Despite large numbers of press reports detailing the national and global economic downturn, negative employment statistics and price hikes, James Ramsbotham still remains optimistic.
“Things aren’t as bad as people are making out. While its important to recognise how tough it is, people are also going too far the other way,” he commented.
In his role of president of the NECC, James works closely with local businesses to identify ways of promoting their interests, regionally, nationally and internationally and throughout our conversation, James is keen to emphasise the regions strengths, especially the flourishing exports sector. “The North East is the biggest exporter in the country, and we have a positive balance of trade.
“We now need to raise the region’s profile further, and really make people nationally and internationally want to do business here.”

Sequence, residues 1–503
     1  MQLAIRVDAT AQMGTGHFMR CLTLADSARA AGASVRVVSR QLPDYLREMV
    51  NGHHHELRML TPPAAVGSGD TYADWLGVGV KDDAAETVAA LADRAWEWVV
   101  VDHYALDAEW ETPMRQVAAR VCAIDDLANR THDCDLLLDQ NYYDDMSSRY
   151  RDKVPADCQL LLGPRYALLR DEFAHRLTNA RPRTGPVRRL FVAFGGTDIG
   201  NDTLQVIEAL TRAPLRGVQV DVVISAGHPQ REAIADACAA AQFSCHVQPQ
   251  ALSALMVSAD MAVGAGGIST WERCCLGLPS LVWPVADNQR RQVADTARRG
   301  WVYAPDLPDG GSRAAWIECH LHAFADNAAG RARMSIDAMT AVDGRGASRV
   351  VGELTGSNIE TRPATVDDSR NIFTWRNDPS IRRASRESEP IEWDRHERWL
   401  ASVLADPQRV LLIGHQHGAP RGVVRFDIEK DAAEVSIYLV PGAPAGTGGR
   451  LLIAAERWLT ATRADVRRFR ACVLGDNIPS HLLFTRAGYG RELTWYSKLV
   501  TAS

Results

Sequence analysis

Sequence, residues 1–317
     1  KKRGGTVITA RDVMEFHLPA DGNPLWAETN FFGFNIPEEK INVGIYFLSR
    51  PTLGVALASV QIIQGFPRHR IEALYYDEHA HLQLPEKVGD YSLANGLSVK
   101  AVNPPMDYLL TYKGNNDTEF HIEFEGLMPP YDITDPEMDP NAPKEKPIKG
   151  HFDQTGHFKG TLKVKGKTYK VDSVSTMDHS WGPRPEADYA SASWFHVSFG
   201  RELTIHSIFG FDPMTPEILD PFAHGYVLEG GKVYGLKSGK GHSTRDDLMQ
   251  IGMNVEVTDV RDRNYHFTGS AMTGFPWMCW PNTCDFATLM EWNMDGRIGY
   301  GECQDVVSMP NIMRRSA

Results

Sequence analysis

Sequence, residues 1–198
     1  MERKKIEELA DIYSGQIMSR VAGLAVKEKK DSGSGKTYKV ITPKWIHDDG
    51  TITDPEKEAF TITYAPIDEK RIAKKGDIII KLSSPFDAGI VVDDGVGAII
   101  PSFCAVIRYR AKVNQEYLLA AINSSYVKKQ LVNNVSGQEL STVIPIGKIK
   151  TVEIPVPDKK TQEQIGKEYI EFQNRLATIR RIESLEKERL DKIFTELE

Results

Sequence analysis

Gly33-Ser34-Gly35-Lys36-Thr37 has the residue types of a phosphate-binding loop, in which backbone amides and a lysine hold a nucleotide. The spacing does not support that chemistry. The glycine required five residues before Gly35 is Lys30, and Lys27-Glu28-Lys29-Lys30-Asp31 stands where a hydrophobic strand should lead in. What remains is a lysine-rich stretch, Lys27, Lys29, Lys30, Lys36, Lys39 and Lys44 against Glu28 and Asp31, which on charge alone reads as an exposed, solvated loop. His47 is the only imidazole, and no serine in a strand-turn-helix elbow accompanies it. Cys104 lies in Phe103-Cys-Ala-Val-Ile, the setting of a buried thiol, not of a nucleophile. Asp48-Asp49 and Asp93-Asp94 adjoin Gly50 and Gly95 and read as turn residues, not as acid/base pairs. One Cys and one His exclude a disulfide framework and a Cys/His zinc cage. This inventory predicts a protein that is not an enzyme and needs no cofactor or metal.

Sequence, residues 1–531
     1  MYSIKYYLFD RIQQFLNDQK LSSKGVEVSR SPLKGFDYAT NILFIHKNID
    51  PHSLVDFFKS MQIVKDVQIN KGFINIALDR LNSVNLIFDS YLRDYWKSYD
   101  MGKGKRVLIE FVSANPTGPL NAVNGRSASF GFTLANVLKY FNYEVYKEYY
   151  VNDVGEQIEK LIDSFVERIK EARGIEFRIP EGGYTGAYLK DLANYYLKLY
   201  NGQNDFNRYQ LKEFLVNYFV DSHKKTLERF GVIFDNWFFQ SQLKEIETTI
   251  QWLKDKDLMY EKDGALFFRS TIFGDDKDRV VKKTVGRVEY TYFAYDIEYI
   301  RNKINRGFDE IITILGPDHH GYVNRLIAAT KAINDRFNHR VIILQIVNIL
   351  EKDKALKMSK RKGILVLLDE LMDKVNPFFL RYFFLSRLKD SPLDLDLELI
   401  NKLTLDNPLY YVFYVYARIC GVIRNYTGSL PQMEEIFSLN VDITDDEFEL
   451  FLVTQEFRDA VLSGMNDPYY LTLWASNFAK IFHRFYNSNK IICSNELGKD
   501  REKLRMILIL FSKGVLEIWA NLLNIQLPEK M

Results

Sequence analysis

However James has also witnessed first hand the financial difficulties many businesses have faced over the past few months. In the wake of these issues, James is now calling for an overhaul of the relationship between banks and businesses.
“Businesses need more support from banks, but also need to be prepared to fulfil banks demands for information if they are to have a change of getting funding,” he said.
“Banks need to form positive relationships with businesses so we can see real differences coming out of the recession.”
He was also keen to promote the use of apprentices, but raised serious questions about the fact that they are not used frequently by public bodies; “I’m passionate about apprentices, and they should be properly embraced – indeed, many of today’s business leaders began as apprentices themselves.
“However, hardly any public sector bodies use apprentices which is a great shame. I believe that there should be clauses introduced to ensure apprentices are included.”
James is now looking forward to ways in which the regions economy can be supported to ensure the recovery is a success: “ There are some tough challenges ahead. The service sector is being impacted, but the recent surge in manufacturing must now be supported with further infrastructure projects to help encourage the North East economy to prosper.”